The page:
The Insurance Institute for Highway Safety (IIHS) has done another round of ‘scientific testing,’ and they’ve announced their latest breakthrough: When a HUMMER H3 rear ends a Hyundai Sonata, the Sonata’s damage is five times as costly!
If the choice between a HUMMER H3 and a Hyundai Sonata wasn’t easy before, this news should make it even easier, right? Well the IIHS wants you to believe that the problem is with the H3, not the Sonata. But who would more concerned about damage to the other vehicle in a crash? The same people who funded the study, of course. Insurance companies.
The IIHS wants bumpers on small SUVs and light trucks to be at the same level as smaller sedans as to minimize damage during collisions. The institute also suggests that off-road ability won’t be compromised, and points to a Ford Explorer that fared well in the study that didn’t have to “compromise its off-road performance.” I wasn’t aware that the Ford Explorer had any off-road performance to compromise…
I asked the IIHS for some ‘after’ shots of the H3 since they had plenty of coverage in the video of the smashed Sonatas. “We don’t have any after photos for the SUVs,” said a spokesperson. So I freeze-framed the video AFTER the H3/Sonata collision – see the photo below. I also included a freeze-frame of the Sonata, also after the crash.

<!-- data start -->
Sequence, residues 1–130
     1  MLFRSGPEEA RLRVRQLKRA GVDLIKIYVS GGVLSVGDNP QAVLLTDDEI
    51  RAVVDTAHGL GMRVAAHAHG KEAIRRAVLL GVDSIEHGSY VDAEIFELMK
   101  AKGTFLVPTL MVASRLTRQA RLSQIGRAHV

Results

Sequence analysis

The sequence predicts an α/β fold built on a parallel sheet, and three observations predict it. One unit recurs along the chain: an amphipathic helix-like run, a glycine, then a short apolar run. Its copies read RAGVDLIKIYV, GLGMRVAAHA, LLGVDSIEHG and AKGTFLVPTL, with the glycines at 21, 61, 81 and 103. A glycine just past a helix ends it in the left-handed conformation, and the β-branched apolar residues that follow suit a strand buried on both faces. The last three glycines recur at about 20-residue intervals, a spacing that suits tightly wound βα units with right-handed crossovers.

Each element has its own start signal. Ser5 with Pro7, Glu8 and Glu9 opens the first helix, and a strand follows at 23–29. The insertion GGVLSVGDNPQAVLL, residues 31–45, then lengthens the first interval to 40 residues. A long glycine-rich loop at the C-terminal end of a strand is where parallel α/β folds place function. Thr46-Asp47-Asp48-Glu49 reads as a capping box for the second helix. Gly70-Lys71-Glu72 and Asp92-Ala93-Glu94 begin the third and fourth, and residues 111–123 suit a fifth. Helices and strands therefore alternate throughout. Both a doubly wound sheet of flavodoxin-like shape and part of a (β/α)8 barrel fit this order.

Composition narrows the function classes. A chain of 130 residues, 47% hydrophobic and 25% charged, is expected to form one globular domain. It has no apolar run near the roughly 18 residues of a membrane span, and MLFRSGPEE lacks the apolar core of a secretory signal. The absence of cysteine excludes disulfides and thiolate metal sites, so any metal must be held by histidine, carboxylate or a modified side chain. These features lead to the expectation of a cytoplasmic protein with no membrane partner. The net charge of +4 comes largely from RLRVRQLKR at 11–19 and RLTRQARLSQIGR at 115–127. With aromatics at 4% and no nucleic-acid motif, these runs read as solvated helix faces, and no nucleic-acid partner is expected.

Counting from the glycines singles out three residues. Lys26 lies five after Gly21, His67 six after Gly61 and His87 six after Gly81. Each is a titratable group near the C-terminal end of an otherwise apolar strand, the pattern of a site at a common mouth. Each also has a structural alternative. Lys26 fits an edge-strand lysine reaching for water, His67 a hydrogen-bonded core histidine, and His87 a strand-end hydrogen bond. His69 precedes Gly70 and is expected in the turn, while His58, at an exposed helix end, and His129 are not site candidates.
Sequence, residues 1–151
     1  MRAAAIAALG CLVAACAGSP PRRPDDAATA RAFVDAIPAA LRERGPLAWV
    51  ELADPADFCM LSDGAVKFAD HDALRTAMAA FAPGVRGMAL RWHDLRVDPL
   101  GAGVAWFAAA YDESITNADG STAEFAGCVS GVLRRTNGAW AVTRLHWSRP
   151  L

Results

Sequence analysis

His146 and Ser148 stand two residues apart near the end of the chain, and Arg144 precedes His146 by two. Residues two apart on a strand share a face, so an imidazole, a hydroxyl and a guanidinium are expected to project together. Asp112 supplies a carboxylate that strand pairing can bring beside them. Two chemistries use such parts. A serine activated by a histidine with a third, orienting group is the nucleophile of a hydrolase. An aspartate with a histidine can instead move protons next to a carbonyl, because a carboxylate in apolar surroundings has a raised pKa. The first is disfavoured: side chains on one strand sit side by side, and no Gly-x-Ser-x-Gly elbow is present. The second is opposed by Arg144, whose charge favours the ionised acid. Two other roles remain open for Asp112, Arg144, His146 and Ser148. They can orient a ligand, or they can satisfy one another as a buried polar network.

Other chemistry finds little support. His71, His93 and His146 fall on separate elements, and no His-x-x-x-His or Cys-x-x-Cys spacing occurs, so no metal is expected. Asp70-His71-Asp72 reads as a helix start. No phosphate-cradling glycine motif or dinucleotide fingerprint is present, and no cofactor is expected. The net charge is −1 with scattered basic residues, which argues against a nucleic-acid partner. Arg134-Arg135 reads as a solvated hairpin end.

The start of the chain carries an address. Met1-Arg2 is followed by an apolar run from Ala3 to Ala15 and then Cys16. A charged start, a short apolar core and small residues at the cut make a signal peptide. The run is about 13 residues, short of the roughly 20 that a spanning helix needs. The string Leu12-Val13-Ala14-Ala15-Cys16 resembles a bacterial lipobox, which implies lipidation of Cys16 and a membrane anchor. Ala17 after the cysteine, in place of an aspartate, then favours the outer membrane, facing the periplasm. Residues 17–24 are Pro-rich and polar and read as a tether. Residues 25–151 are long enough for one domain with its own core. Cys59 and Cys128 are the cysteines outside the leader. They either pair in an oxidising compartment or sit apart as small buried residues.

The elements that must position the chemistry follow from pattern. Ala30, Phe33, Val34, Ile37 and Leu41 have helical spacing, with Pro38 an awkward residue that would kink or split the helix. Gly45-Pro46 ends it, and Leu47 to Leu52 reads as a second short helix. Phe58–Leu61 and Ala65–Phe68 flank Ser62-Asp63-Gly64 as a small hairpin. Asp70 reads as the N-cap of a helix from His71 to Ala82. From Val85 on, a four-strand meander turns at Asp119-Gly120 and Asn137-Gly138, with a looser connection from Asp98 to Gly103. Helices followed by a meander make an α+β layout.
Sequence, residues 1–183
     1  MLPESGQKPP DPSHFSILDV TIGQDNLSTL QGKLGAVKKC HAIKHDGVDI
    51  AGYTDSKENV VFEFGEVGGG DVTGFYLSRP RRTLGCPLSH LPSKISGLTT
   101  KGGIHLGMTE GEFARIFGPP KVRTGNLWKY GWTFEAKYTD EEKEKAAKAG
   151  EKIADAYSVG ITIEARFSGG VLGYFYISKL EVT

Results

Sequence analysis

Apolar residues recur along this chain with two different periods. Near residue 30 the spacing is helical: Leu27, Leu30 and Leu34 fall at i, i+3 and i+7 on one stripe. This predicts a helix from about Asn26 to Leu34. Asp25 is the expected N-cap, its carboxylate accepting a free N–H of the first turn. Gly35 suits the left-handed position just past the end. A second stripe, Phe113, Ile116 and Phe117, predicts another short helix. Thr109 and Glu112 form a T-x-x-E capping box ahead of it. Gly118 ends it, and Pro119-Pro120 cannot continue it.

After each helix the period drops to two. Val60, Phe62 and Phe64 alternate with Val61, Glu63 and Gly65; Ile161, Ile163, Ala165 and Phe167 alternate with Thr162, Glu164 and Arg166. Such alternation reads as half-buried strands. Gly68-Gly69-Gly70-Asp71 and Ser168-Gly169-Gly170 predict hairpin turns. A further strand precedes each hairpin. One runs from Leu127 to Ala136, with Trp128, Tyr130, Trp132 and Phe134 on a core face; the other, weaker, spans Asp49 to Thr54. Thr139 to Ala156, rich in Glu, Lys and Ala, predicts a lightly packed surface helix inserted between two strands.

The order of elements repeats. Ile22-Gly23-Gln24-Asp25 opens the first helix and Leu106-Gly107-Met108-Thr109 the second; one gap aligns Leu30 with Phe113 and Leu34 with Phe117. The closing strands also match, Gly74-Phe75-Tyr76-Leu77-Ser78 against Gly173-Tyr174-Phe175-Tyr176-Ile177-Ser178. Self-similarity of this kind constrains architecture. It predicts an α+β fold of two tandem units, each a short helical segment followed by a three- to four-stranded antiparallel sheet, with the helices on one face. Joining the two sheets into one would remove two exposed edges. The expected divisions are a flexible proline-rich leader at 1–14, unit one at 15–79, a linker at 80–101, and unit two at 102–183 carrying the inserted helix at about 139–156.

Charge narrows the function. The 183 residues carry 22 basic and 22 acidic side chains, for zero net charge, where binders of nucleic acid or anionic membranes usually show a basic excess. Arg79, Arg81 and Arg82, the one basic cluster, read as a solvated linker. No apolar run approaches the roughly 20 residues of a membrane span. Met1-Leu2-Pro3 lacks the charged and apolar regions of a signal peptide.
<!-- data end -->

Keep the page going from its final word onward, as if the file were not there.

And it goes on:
If your vehicle was hit at 10mph in a parking lot with no witnesses, which repair bill would you rather pay? Secondly, and probably more importantly, which vehicle would you prefer your family was riding in if you dialed up the machine to demonstrate a more serious high speed wreck? It’s your call.
Both vehicles AFTER the 10mph impact:
is there even any damage at all on the h3?
It’s very hard to tell. The release claims there was $1000 damage to the H3, but it’s not evident at all.